So emotionally and socially these students are being neglected because of the lack of support for sports. As an institution, schools lose on the sense of pride and community that families feel when their children get to represent the school and the student athletes themselves don't get to build up that sense of pride and responsibility that comes from playing for their school. Already, we have multiple aspects to middle school sports that expand much farther than simply kicking, throwing, or running. When asked if there are any alternatives to playing organized scholastic sports, French proposed club sports.
“If we’re looking for a costless solution, there could be a volunteer league for students to still organize and play. The issue with that though is the logistics involved. There is transportation, equipment, locations of play, and the people needed to coach and referee these games.”
This seemed like a legitimate creative solution, but there does also seem to be a cost involved. Now there is the option of club teams and off season teams like YAFL, AAU, and others. For a lot of students that can actually afford to participate club, this does seem to be a viable solution considering that many already participate in it. The issue that opposing viewpoints are bringing to the table is that lower income families that cannot normally afford to participate are going to lose out on the experience that comes from scholastic sports. Those that can pay, will. Those that can’t afford it, lose. Coach Sanchez had something to say about this too.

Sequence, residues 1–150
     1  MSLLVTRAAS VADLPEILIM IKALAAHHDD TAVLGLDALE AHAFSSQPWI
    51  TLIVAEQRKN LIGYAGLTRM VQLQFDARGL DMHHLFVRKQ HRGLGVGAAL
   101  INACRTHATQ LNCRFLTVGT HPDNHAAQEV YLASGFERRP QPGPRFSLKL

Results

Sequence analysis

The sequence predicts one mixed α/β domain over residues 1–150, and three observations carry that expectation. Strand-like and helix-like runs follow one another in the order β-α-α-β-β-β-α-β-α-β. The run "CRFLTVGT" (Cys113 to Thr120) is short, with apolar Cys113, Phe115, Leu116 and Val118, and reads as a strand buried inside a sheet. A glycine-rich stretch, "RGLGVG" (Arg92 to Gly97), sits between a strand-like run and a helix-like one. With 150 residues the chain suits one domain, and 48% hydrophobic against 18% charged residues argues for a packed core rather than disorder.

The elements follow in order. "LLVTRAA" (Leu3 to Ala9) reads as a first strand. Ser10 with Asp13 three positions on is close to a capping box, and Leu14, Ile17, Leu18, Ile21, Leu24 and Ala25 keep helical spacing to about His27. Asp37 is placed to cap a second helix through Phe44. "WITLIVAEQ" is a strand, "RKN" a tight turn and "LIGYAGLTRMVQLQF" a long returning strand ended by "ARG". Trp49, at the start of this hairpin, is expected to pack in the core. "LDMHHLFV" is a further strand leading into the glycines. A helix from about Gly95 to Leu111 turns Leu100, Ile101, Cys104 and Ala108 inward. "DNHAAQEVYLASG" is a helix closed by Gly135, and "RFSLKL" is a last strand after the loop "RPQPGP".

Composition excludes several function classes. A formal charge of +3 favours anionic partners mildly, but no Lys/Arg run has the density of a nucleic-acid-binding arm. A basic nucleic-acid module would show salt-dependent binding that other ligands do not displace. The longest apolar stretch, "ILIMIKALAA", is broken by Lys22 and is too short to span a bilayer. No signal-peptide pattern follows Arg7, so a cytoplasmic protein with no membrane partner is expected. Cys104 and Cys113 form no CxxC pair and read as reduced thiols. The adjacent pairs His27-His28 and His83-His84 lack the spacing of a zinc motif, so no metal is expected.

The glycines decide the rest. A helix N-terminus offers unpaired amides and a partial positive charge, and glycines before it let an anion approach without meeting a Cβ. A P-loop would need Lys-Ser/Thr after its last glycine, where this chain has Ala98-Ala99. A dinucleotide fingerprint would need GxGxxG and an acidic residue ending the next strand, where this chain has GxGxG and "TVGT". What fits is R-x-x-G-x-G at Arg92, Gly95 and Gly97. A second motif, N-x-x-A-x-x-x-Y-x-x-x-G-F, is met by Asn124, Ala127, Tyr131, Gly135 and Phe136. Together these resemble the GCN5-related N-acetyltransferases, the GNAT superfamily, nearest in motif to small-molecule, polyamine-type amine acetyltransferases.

“Club sports are pay to play, grades are not emphasized… If they can afford to, [athletes] will be in club athletics.”
This seems to be in line with the other dissenting ideas, while Coach French had an interesting compromise to bring to the table.
“Club leagues could start offering discounted rates for middle school club sports to make up for the disparity. Club brings communities together and could create a sense of camaraderie that students won’t get from school athletics.”
According to QC Varsity, “Depending on the team, families can expect to pay $400 to $4,000 per summer to play, including uniforms.” This is just for summer basketball, not even taking into account other expensive sports such as football. They also quote a few prices for certain tournaments for kids to play in. All of these prices are out of pocket, mind you. Now while these are just for a summer of basketball, if there isn’t a “regular season” for a school, then there are going to be more students trying to play in AAU to make up for it. Which is going to cost more money.